Shortly after mulling over the above points, I happened to be sitting in my car at a traffic light and looking across the road at one of the many new rail bridges that have been built here in Melbourne in the last several years. Suddenly, it occurred to me that these bridges are also the ongoing expression of Heroic Materialism.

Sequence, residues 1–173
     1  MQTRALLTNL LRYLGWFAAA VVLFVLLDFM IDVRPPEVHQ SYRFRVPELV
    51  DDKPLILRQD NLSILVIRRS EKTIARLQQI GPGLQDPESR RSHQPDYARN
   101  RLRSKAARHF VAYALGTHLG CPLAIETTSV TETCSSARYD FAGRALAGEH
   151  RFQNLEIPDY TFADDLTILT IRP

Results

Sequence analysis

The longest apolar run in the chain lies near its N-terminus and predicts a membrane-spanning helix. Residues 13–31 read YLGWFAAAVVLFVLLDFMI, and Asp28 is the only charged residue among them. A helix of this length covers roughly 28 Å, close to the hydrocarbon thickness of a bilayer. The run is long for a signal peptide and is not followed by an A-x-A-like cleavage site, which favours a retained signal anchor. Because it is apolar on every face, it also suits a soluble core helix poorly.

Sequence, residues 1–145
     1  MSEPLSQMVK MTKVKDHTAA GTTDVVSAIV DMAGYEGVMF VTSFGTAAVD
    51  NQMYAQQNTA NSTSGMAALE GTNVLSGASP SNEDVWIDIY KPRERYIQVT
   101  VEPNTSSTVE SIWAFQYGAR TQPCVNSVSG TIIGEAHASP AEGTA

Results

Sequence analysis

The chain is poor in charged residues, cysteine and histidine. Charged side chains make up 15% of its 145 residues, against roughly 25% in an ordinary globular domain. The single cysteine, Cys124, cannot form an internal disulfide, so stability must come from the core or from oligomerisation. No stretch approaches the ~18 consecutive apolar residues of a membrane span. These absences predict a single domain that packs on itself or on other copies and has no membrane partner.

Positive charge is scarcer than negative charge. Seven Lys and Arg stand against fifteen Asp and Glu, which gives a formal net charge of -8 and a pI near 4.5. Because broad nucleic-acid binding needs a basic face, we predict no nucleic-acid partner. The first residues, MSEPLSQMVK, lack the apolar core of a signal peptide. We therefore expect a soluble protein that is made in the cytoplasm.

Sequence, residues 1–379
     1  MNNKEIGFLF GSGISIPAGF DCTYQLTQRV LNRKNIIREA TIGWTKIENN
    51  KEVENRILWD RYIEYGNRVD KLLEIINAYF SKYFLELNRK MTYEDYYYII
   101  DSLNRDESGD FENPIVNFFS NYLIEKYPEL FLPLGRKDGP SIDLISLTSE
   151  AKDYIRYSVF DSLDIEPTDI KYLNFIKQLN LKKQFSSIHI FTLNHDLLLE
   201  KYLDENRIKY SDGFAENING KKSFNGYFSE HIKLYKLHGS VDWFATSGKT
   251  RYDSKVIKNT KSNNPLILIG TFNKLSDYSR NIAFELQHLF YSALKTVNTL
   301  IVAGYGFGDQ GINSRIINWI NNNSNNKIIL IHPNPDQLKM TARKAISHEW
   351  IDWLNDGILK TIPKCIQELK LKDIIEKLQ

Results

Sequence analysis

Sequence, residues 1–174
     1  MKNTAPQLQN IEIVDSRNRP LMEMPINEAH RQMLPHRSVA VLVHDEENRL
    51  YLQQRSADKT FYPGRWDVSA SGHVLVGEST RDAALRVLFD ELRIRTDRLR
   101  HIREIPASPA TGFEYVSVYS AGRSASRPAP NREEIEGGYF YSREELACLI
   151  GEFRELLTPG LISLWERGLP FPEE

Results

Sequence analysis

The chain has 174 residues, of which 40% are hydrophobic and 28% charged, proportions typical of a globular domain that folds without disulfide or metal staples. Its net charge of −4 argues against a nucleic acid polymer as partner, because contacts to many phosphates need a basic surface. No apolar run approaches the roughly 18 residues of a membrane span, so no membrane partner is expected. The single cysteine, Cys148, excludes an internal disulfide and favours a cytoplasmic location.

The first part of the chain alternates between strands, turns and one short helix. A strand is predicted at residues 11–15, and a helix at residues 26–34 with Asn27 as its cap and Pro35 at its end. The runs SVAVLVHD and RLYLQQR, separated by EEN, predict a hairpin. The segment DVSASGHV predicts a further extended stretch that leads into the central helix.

Now you might say to yourself that a rail bridge is built for practical, utilitarian reasons and that is exactly how the government here sold them to the public. But I can tell you from direct experience that this is not true. The reason I had time to sit in my car and peruse the giant chunks of concrete across the road was that, despite the newly built rail bridge, the traffic at the intersection where I was sitting has only gotten worse in recent years. As far as I can tell, the rail bridge has made no noticeable difference to traffic flows and, in fact, the changes in the local roads that were made in order to build the bridge have made my general commute around the neighbourhood worse. By utilitarian criteria, the bridges are a failure.